Isabella Rossellini’s Link Link Circus: an absurdist performance asking whether animals feel and think

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Isabella Rossellini in Link Link Circus. Credit: Jody Shapiro.

In her new one-woman comedy show, Isabella Rossellini talks about the latest scientific discoveries about animal minds, intelligence and emotions.

Rossellini is pursuing a master’s degree in animal behavior. She tells Press Play she has found animals comical ever since she saw documentaries from David Attenborough or the National Geographic.

She started creating her own films 10 years ago, which have now evolved into monologues.

“I wanted to capture the fact that animals...they make me laugh… When we talk about animals and conservation…generally it's very sad. But I didn't want to add to that voice. Of course I'm part of that movement. But I wanted to spin it in a different way, to tackle it from humor and entertainment,” she says.

Link Link Circus features Rossellini’s dog, who’s named Peter Pan because she believes dogs are eternally youthful. Pan plays different animals in the show -- a bee, dinosaur, sheep. Rossellini plays a circus ringmaster, surrounded by her dog and toy animals. There’s also a puppeteer on stage, who helps her control the animals and make the toys come alive.

“I wanted to be a little dreamy, charming, funny. I want the audience to go ha ha ha ha because it's entertaining, but then also go, ‘Ah, I didn’t know that. That makes sense.’ ”

Isabella Rossellini in Link Link Circus_vertical_ credit Jody Shapiro.jpg
Isabella Rossellini in Link Link Circus. Credit: Jody Shapiro.

Rossellini says that when she was a little girl, she thought her cats and dogs could communicate with her -- that they had feelings and loved her. But she learned the scientific world was very cynical and didn’t believe animals could even feel.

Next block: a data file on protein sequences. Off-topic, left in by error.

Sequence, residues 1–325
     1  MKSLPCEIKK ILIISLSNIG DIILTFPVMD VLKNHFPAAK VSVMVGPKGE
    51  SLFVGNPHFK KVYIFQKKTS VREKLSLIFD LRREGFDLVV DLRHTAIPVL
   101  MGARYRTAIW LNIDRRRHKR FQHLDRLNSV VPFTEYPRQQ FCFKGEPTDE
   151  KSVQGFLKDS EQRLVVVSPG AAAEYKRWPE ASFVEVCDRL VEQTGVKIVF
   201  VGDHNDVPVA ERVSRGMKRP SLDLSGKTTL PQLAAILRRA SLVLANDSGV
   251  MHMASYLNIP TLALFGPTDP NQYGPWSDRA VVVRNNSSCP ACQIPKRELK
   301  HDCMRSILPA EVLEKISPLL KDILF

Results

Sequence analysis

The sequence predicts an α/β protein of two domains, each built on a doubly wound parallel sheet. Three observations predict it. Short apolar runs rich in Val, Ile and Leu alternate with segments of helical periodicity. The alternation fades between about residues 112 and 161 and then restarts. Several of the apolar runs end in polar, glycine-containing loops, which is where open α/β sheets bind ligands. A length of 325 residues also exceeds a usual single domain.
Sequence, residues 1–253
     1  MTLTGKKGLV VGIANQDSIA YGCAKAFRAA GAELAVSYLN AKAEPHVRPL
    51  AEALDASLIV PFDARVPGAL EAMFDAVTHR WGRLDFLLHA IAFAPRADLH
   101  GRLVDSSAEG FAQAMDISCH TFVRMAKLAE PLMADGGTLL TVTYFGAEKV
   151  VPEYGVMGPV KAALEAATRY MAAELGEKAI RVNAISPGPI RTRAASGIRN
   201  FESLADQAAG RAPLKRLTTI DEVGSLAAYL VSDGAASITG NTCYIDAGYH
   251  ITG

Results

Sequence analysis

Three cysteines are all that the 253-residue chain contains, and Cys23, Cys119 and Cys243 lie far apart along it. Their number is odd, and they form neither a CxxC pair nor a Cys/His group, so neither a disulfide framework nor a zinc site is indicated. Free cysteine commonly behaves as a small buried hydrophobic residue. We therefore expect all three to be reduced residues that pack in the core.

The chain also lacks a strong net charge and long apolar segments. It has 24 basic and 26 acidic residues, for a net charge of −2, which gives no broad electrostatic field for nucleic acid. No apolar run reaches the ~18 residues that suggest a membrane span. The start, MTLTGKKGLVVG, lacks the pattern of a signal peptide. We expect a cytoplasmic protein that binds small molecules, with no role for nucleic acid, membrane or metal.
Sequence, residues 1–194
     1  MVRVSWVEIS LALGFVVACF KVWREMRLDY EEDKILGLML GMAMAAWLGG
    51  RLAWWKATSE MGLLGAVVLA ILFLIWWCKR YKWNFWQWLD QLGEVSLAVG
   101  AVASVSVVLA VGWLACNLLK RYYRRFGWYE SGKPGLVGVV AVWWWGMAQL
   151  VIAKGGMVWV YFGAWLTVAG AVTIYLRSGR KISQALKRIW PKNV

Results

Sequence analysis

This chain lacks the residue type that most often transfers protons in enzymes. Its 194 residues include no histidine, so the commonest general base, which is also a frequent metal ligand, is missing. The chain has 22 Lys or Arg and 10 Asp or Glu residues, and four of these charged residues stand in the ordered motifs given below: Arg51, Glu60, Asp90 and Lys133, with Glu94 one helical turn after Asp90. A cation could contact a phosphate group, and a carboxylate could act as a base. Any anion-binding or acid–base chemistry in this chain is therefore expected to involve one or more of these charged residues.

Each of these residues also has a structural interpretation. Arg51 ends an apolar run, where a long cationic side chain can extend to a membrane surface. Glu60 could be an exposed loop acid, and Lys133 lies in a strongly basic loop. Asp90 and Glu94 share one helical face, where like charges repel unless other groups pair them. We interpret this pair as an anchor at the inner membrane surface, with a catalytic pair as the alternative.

She points to the behaviorist movement that was influential in the 1970s and ‘80s. “It said that thoughts and feelings are too private. And so what you can only describe is the behavior. A dog wags the tail right and left when the person that he sees every day comes home. We are not allowed to say, ‘Oh a dog, instead of smiling, wags the tail, and I know he's happy.’ That was considered taboo.”

She says now science has advanced -- we have machines recording animals’ thoughts, and we know they dream just as humans do.

What’s fascinating, she says, is we perceive the world differently. “A dog probably perceives the world to smell -- not so much from the eyes. They see movement -- things to us look like they are not moving at all. But they can probably not perceive as many colors as we do. Probably there is no difference in a dog between red and green… If we could be able to communicate with an animal, we wouldn't be able to understand each other because we perceive the world so differently.”

Rossellini suggests that through evolution, dogs have trained us to take care of them. She says as wolves started to live near humans, primitive men allowed non-aggressive wolves to stay, and they developed a bond through hunting.

“Maybe the primitive men wanted more of that kind of wolf. And so he made sure he had puppies. And he selected a pup. And little by little, he selected traits that he liked.”

She suggests that cohabitation led humans to adapt to them too. “Maybe the dog kidnapped the tender feelings we generally reserve for our babies -- for themselves.”

You can watch Link Link Circus at the Broad Stage January 25-27.

Written by Amy Ta, produced by Alex Tryggvadottir